Uncovering Old Stories

A friend of mine recently asked if I still had some of an old story we'd written together, and as it happened, I did. So I ended up reading and editing some of it, and discovering that it was pretty freaking hilarious.

There are a lot of people on the internet and even more memes that will tell you that you shouldn't enjoy your old writing. Maybe not in those words, but that's the message being conveyed when people moan about how awful their old writing was, how cringe-worthy, how they wish they'd burned it. When discussions on Reddit or Facebook start with "What old story do you cringe at the most?" I honestly become rather sad, because there's inevitably someone in the comments that says something like:

It's okay if you hate your old writing. It means you've improved since then.

And I just wanna say...


I mean, sure. Okay, you've improved.

But that doesn't mean that nothing out of your dorky old stories is worthwhile. It doesn't matter how bad your spelling was, how awful your similes were, how flat your characters were, how hilariously terrible your dialogue was. There's something in there that's worth going back for.

The way you enjoyed yourself when you wrote that story.

The concept of that world that you didn't get to flesh out all the way.

The idea behind this character that you sort of messed up because he's super OP.

The power behind this maguffin the main character never got to because you quit writing in chapter 6.

There's something in there somewhere that's worthwhile.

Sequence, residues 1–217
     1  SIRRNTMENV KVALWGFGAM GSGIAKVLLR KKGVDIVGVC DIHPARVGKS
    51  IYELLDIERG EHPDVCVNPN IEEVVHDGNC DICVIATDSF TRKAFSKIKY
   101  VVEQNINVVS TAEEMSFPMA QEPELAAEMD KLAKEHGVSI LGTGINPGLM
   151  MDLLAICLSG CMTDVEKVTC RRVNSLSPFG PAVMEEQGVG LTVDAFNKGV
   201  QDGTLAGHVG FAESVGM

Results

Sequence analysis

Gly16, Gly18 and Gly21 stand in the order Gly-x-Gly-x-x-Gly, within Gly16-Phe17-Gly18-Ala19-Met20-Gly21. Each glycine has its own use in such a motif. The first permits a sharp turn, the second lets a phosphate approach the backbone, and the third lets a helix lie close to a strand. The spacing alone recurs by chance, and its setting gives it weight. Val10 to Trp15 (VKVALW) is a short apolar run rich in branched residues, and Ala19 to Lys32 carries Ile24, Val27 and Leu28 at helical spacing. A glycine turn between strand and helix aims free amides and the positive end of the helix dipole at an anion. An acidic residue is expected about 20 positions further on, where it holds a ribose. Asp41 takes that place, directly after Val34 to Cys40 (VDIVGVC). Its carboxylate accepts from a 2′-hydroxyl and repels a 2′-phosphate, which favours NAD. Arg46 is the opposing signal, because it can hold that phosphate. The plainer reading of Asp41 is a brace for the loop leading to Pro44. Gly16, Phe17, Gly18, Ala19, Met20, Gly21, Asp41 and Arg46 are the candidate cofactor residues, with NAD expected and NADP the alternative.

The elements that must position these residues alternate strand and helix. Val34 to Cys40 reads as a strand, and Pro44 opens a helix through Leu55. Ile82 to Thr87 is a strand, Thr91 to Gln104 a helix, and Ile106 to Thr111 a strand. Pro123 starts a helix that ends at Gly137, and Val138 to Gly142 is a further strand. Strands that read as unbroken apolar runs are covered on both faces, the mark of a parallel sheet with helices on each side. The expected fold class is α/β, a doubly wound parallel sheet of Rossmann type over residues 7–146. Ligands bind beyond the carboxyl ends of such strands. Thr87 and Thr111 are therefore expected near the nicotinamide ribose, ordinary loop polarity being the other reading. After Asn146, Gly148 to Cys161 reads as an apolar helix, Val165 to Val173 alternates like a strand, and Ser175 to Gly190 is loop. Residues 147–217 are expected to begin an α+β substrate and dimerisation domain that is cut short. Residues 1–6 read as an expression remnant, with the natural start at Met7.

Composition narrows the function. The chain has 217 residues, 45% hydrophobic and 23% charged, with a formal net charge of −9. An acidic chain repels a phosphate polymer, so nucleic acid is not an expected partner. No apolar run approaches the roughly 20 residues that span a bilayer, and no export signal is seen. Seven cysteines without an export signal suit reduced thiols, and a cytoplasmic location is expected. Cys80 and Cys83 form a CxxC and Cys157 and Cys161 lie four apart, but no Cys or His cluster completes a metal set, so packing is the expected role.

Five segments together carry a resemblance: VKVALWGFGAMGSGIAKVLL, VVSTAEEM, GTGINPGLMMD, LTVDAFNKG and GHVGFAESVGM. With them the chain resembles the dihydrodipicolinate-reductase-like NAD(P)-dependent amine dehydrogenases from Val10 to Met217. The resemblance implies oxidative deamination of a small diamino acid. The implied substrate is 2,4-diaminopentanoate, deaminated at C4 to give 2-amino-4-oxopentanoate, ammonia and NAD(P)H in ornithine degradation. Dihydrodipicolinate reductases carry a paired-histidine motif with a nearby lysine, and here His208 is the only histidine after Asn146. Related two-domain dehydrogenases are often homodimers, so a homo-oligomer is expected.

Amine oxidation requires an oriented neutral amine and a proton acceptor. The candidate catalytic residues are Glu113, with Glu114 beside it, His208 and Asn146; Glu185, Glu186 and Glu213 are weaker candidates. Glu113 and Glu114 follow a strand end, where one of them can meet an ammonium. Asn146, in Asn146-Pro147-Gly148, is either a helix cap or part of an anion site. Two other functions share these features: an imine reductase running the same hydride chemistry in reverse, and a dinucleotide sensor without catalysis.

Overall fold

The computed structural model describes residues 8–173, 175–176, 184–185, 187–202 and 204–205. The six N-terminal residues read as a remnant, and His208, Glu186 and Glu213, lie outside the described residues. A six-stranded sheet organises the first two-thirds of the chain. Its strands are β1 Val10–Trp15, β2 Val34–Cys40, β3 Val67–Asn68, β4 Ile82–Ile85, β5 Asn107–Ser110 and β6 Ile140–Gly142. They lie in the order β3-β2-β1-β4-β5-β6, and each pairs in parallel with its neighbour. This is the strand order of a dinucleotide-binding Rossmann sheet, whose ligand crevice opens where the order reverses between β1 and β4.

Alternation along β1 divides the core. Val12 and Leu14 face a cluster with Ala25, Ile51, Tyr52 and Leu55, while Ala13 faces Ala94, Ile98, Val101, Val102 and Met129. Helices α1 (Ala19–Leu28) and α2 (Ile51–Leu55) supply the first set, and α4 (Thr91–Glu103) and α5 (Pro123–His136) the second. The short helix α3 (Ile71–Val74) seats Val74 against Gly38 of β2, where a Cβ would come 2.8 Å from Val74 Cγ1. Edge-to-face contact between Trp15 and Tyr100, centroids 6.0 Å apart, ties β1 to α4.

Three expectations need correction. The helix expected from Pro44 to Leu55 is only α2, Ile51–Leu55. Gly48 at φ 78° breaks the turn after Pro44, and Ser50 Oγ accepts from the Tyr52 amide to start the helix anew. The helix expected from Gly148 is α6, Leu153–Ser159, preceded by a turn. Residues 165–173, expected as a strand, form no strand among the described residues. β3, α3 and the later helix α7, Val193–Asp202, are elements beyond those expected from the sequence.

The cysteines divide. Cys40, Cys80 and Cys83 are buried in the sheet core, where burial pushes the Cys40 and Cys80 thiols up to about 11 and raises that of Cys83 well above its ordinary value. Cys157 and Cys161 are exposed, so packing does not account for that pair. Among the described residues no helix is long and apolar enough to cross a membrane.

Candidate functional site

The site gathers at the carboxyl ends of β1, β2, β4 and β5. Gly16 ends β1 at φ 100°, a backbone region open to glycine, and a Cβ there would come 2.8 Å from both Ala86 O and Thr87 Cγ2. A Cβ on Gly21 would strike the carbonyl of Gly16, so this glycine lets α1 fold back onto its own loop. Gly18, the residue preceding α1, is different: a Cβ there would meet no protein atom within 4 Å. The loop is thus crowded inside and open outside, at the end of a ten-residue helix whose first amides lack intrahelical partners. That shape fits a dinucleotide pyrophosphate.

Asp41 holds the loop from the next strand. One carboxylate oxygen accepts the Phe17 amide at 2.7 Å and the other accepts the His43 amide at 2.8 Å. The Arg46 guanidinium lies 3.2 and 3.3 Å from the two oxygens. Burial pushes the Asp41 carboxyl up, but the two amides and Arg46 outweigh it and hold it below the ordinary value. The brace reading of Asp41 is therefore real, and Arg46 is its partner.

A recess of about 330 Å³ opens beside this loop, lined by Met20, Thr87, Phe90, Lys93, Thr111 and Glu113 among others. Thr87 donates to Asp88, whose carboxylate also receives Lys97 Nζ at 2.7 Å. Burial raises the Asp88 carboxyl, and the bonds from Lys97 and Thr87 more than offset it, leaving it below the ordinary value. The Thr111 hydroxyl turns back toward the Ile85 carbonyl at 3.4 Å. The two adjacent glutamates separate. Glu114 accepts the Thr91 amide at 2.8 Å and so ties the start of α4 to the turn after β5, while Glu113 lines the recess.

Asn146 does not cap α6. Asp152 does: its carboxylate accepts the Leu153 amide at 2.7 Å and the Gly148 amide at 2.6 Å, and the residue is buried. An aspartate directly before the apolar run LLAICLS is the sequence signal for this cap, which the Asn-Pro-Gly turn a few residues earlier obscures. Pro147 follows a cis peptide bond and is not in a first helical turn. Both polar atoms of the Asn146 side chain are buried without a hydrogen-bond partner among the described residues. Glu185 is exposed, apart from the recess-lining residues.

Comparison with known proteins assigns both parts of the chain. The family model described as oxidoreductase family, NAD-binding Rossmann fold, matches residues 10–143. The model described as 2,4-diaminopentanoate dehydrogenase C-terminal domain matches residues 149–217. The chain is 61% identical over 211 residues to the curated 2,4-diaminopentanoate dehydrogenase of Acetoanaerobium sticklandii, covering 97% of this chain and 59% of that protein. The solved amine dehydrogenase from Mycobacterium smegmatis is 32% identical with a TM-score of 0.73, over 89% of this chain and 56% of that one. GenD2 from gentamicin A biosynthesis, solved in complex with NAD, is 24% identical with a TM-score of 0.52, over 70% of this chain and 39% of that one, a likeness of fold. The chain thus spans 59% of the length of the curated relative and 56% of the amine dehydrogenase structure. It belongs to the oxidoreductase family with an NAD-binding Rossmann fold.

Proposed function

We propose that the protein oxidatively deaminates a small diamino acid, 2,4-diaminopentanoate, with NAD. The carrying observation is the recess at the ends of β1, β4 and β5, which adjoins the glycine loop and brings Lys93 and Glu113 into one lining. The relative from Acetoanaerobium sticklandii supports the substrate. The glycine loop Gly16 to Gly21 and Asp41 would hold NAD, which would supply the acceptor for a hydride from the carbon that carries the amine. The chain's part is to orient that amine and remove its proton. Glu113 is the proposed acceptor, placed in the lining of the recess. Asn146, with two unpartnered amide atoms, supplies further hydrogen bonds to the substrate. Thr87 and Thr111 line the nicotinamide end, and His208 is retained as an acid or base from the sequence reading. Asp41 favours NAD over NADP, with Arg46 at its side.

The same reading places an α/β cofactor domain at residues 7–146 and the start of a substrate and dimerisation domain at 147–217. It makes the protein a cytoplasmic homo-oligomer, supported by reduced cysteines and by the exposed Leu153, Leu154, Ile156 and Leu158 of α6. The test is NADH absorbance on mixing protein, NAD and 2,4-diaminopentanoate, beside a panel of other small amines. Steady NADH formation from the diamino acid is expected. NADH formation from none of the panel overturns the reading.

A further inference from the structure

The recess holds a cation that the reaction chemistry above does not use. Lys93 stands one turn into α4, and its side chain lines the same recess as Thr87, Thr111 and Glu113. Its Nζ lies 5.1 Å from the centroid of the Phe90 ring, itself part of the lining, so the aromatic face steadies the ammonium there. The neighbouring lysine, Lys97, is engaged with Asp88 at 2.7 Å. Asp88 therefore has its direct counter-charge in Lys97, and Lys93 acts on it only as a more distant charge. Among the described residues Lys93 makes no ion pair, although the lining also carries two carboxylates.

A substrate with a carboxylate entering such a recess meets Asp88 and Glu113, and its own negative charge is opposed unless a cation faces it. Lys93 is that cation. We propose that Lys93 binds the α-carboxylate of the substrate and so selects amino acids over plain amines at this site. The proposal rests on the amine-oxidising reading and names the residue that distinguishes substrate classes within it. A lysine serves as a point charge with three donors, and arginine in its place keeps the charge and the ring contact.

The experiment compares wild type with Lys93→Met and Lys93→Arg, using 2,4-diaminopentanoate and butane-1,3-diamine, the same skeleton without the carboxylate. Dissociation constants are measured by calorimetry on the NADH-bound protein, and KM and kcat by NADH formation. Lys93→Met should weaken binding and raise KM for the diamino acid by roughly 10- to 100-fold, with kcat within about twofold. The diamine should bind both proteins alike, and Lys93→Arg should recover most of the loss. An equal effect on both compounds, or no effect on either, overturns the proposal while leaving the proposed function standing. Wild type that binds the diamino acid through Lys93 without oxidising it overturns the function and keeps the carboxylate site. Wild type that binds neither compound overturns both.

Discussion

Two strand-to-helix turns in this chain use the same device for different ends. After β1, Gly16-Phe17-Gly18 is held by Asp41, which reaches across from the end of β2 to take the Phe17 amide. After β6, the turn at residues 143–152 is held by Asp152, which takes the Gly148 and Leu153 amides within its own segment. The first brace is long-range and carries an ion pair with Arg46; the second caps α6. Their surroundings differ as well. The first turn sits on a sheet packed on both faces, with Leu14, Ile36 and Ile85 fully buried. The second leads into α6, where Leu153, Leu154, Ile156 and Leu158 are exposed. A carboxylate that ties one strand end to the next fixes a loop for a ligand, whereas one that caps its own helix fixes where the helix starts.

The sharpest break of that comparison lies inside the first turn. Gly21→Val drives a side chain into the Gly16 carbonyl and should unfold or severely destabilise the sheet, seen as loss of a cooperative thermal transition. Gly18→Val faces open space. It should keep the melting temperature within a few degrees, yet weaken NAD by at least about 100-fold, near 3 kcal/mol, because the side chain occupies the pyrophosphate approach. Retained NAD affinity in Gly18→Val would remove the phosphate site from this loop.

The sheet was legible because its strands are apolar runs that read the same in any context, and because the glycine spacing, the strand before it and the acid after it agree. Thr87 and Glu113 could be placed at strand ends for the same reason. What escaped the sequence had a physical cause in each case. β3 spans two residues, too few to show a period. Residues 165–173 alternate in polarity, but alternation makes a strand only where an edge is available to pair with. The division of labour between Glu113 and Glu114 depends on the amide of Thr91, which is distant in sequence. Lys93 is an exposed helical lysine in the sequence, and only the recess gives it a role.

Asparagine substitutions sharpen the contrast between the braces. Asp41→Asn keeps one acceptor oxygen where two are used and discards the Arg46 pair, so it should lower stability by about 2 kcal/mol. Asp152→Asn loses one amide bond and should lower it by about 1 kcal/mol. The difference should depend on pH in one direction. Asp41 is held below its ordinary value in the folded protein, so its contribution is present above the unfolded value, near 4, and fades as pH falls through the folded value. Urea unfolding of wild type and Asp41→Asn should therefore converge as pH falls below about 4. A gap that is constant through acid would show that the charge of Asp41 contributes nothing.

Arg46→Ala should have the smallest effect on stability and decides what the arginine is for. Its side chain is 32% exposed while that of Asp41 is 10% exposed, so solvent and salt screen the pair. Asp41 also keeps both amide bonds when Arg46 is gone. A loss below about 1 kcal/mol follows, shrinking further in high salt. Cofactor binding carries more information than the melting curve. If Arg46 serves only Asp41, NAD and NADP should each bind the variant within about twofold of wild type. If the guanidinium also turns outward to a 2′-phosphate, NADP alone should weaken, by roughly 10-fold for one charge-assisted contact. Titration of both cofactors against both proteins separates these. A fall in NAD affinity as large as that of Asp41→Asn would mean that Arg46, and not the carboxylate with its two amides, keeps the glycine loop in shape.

As my Nana always said;

Don't throw the baby out with the bathwater.

Just because you didn't know back then everything you know now doesn't mean you knew nothing at all.

And to end this on a most positive note, let's take a look at this old story I wrote with a friend back in 2015:

"I knew dwarves were dim of wit," Legolas hissed, "but blind as well?"

Gimli hesitated, looking over Legolas again. The entire Council seemed to be holding its breath, prepared to spring to the defense of one or the other, should her next words be... less than favorable.

"Well, perhaps if ya want te look like a man, ya shouldn't wear a dress." Gimli almost added a comment about elves and their clothing choices, but felt the sharp blow from the broad side of her father's ax over the back of her head, which effectively silenced her.

"Dress?!" Legolas strove to maintain a semi-civil tone, tugging at the draping edge of his grey, loose-fitting silk garment. "These are council robes. If you knew anything about etiquette and custom, you'd-"

Elrond held up a hand. "Peace. The unity of the Free Peoples is our only hope. Do not shatter it with petty arguments." His incisive gaze slid between the elf and dwarf, uneasy, as though he had further unspoken reservations.

As well he should, Legolas internally simmered.

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